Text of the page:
According to the Guttmacher Institute, an institute which specializes in sexual and reproductive health, 62% of the 62 million women in the United States aged 15–44 are currently using at least one method of contraception. The most common method used by teenagers and women in their 20s is the birth control pill, commonly known as the Pill.
Birth control pills can help us with everything from preventing pregnancy to eliminating acne and minimizing menstrual cramps. It’s important to remember, however, that there are also risks associated with these pills. Rozalyn Yannacone, a Registered Nurse Practitioner at Bucknell University who specializes in gynecological services, shares some advice on how to deal with the ups and downs of birth control.
Starting Your Birth Control
According to Yannacone, the first three months of taking birth control pills (and other methods of birth control like the IUD, the vaginal ring or the patch) can be difficult. It often takes time for your body to adjust and most women experience at least a few negative symptoms. During the first month, bleeding problems, which doctors call “adjustment bleeding” are common. With adjustment bleeding, it is common to see spotting, or light bleeding, even when you’re not on your period. Another form of adjustment bleeding is actually the lack of bleeding – these women won’t have a period at all. Many collegiettes may also experience nausea during their first few days on the Pill, as well as breast tenderness and emotional changes like crying, becoming easily upset or becoming angry for no reason.
“By the third month with the pill, what you see is what you get forever,” says Yannacone. She notes that it’s important to remember that you may have to stick it out for a few months in order to see how your body will react to the Pill. If her patients are experiencing symptoms like extreme and overwhelming nausea or severe weight gain within the first few days of their pill packs, Yannacone will usually switch them to a different type of pill fairly quickly. In general, however, by the third month, emotional fluctuations should be fairly nonexistent and nausea should no longer be a part of daily life. Breast tenderness should also disappear, although many collegiettes will experience increased breast fullness (yes, your boobs will get bigger!) for the entirety of the time that they remain on the Pill. You should also note that some collegiettes are lucky enough not to experience any of these symptoms however!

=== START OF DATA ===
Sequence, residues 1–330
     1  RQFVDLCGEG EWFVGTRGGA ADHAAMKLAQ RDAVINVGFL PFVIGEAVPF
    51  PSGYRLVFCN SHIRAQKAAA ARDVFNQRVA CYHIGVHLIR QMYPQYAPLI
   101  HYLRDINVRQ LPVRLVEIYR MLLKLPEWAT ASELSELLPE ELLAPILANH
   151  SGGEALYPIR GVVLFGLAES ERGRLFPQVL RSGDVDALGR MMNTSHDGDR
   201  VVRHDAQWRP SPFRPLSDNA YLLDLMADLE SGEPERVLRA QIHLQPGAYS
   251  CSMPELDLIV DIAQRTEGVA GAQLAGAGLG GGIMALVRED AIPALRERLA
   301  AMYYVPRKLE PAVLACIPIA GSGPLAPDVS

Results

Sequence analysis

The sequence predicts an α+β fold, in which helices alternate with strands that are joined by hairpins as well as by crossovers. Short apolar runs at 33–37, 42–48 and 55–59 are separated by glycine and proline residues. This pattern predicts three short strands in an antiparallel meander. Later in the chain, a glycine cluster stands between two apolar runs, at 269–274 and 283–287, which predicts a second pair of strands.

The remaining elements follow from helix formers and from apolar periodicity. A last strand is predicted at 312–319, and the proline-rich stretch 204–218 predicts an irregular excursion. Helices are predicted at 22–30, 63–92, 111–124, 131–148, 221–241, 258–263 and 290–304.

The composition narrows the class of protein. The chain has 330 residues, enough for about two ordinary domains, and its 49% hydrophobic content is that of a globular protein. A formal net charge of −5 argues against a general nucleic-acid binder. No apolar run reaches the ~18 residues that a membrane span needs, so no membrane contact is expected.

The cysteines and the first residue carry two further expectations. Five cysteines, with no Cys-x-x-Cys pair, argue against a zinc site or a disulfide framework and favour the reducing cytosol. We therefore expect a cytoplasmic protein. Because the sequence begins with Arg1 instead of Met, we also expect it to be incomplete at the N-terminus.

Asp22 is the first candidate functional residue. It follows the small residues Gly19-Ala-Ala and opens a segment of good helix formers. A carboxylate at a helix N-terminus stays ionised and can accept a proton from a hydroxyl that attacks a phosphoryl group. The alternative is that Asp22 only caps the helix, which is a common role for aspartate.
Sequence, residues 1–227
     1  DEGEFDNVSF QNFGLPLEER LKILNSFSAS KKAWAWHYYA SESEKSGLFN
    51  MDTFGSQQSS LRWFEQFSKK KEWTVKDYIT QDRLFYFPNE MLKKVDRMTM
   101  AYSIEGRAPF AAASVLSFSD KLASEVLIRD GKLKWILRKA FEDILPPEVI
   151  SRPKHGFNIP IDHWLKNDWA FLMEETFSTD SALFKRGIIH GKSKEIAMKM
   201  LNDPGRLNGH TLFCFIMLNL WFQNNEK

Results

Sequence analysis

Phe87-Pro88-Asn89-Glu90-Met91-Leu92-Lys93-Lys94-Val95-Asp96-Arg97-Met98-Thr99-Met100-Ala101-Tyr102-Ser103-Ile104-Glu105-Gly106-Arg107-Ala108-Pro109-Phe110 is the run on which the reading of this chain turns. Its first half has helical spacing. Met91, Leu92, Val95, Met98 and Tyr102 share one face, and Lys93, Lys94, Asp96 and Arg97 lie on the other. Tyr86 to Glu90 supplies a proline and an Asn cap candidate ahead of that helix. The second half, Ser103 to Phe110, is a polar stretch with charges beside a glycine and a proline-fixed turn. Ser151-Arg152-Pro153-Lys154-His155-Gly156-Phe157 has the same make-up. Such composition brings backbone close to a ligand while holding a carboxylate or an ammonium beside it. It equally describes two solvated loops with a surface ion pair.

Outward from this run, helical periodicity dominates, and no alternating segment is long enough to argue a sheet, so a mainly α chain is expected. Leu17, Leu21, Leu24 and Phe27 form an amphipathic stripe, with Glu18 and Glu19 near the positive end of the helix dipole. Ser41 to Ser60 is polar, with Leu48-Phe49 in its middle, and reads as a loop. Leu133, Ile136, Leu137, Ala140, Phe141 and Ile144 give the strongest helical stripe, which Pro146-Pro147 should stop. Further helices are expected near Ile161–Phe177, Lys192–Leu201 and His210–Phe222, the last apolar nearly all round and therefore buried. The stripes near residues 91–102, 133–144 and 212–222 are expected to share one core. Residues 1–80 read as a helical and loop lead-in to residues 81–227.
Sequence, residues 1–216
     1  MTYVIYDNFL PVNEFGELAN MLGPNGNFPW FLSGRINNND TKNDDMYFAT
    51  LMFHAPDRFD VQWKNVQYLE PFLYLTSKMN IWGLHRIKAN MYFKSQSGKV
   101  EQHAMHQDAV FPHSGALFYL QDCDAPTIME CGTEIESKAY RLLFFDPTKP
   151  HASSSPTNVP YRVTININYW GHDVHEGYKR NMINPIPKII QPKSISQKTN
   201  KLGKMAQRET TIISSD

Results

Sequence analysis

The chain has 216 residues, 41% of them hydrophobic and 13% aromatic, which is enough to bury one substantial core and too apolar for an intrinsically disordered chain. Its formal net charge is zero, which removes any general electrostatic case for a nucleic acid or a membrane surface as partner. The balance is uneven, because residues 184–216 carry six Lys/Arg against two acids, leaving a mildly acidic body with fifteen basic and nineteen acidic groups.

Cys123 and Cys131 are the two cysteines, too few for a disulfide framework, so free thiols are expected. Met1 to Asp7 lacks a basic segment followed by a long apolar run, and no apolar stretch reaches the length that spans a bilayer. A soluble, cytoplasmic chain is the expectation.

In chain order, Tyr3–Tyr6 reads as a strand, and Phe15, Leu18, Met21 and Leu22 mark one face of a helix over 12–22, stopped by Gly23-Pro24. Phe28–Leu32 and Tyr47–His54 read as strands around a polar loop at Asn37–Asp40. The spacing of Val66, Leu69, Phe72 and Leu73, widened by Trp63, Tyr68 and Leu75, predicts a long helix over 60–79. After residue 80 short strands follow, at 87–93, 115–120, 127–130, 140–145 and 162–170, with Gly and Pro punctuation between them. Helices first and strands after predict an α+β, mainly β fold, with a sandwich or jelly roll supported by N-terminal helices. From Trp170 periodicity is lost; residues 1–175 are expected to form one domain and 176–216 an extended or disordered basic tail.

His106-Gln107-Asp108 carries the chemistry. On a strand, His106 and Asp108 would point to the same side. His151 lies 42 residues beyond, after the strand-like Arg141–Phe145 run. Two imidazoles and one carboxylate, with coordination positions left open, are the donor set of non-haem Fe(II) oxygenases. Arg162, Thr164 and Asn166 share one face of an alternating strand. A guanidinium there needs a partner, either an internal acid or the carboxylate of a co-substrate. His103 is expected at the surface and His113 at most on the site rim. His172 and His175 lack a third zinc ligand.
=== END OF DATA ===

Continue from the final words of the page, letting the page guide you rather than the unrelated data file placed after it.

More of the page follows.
Finding the “Perfect Pill”
“There is no way to pick a perfect pill for everybody,” says Yannacone. “It’s trial and error.”
Although she always starts collegiettes with a low dose pill (20 mg), Yannacone says that she will switch them to different types of pills and dosages of pills if they are still experiencing negative symptoms like nausea, breakthrough bleeding or excessive mood swings after three months (or less than three months, depending on the severity of those symptoms).
The necessity of upping the dosage of the Pill makes sense once you understand the biology of the birth control pills. Most pills have the same estrogen hormones but different brands have different levels and types of progestins (another hormone found in the pills). If a woman is having trouble with her pills – say she is experiencing spotting, or light bleeding even when she is not having her period – an increase of progestin (or perhaps a different type of progestin) can help the uterine lining thicken, meaning that the breakthrough bleeding will stop.
“It all has to do with the makeup of the body and how each person responds to pills,” says Yannacone. A birth control pill that works great for one of her patients could cause nausea and weight gain for another.
The other thing to remember about birth control pills is that they are not the most comfortable birth control option for everyone. Some collegiettes feel nauseous when they take the pills orally and that feeling never really subsides no matter when they take the Pill. For these women, options like NuvaRing or an IUD may be a better bet.